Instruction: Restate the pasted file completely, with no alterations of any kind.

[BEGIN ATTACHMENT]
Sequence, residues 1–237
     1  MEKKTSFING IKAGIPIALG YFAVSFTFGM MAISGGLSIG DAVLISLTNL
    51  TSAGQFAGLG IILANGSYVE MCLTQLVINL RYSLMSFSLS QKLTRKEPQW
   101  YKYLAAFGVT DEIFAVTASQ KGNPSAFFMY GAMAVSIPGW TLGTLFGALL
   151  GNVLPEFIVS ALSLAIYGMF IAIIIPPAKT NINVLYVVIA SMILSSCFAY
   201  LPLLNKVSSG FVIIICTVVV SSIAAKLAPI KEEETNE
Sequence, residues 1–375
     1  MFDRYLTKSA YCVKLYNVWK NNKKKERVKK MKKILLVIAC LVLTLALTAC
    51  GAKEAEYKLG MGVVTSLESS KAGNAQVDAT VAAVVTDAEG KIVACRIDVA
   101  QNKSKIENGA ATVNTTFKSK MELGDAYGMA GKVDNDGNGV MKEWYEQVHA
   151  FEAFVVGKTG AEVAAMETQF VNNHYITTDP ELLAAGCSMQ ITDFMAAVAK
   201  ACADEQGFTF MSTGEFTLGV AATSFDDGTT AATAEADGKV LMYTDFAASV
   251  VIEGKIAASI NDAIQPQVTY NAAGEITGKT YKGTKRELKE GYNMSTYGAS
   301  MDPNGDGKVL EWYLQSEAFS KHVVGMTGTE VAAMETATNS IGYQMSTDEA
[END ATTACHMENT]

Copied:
Sequence, residues 1–237
     1  MEKKTSFING IKAGIPIALG YFAVSFTFGM MAISGGLSIG DAVLISLTNL
    51  TSAGQFAGLG IILANGSYVE MCLTQLVINL RYSLMSFSLS QKLTRKEPQW
   101  YKYLAAFGVT DEIFAVTASQ KGNPSAFFMY GAMAVSIPGW TLGTLFGALL
   151  GNVLPEFIVS ALSLAIYGMF IAIIIPPAKT NINVLYVVIA SMILSSCFAY
   201  LPLLNKVSSG FVIIICTVVV SSIAAKLAPI KEEETNE
Sequence, residues 1–375
     1  MFDRYLTKSA YCVKLYNVWK NNKKKERVKK MKKILLVIAC LVLTLALTAC
    51  GAKEAEYKLG MGVVTSLESS KAGNAQVDAT VAAVVTDAEG KIVACRIDVA
   101  QNKSKIENGA ATVNTTFKSK MELGDAYGMA GKVDNDGNGV MKEWYEQVHA
   151  FEAFVVGKTG AEVAAMETQF VNNHYITTDP ELLAAGCSMQ ITDFMAAVAK
   201  ACADEQGFTF MSTGEFTLGV AATSFDDGTT AATAEADGKV LMYTDFAASV
   251  VIEGKIAASI NDAIQPQVTY NAAGEITGKT YKGTKRELKE GYNMSTYGAS
   301  MDPNGDGKVL EWYLQSEAFS KHVVGMTGTE VAAMETATNS IGYQMSTDEA